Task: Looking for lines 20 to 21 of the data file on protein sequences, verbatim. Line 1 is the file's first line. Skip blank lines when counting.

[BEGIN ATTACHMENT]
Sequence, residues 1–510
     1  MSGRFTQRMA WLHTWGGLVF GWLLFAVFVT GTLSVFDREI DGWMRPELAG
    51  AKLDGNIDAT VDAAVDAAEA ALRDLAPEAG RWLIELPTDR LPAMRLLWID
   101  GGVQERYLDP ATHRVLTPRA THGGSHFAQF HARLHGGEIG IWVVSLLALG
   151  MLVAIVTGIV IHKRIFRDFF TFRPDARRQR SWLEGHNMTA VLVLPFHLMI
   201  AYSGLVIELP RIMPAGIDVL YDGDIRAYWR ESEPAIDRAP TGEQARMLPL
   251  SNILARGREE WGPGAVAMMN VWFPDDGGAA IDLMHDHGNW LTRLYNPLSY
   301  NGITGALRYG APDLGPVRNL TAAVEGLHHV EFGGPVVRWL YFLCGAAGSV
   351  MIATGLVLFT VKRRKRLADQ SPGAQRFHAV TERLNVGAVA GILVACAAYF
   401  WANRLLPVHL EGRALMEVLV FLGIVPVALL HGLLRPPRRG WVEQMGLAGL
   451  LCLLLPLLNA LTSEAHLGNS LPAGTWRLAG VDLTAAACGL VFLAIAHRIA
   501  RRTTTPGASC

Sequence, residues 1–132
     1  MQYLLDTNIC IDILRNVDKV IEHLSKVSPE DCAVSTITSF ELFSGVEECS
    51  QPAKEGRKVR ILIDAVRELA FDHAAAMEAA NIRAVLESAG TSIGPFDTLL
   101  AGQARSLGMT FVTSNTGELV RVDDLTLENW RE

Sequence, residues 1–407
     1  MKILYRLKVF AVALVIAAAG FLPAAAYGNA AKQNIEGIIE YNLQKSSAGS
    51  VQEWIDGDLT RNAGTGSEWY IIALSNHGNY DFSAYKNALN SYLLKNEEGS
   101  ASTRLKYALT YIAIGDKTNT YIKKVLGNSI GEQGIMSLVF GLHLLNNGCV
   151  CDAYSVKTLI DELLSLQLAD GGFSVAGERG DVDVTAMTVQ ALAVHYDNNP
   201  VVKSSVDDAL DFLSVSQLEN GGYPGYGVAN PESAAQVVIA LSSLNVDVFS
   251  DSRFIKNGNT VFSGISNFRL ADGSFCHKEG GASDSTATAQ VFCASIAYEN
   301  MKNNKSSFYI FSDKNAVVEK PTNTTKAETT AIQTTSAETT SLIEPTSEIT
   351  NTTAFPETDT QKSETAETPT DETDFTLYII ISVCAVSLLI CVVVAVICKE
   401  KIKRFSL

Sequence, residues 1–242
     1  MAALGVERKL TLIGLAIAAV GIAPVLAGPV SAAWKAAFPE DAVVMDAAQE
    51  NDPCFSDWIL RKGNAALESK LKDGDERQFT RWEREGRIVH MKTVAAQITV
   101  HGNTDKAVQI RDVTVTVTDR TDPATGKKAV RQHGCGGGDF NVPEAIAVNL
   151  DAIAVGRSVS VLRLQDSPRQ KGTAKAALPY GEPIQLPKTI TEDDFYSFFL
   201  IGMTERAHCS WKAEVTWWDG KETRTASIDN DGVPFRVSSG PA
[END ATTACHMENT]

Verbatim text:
   101  ASTRLKYALT YIAIGDKTNT YIKKVLGNSI GEQGIMSLVF GLHLLNNGCV
   151  CDAYSVKTLI DELLSLQLAD GGFSVAGERG DVDVTAMTVQ ALAVHYDNNP